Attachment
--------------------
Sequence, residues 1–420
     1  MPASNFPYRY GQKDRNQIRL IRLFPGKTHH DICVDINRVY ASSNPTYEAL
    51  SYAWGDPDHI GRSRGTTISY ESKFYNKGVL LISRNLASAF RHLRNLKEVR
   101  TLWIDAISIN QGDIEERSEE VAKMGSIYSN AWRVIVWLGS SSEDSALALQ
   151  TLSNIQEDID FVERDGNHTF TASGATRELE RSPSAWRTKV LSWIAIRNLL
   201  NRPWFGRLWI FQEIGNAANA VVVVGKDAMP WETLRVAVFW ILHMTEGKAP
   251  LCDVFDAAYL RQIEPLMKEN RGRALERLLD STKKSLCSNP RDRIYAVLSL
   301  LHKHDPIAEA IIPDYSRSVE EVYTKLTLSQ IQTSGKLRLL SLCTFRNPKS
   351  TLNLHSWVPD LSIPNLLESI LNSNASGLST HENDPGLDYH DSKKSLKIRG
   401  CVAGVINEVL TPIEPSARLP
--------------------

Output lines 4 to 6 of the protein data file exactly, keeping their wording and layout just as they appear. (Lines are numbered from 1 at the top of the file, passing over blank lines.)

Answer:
   101  TLWIDAISIN QGDIEERSEE VAKMGSIYSN AWRVIVWLGS SSEDSALALQ
   151  TLSNIQEDID FVERDGNHTF TASGATRELE RSPSAWRTKV LSWIAIRNLL
   201  NRPWFGRLWI FQEIGNAANA VVVVGKDAMP WETLRVAVFW ILHMTEGKAP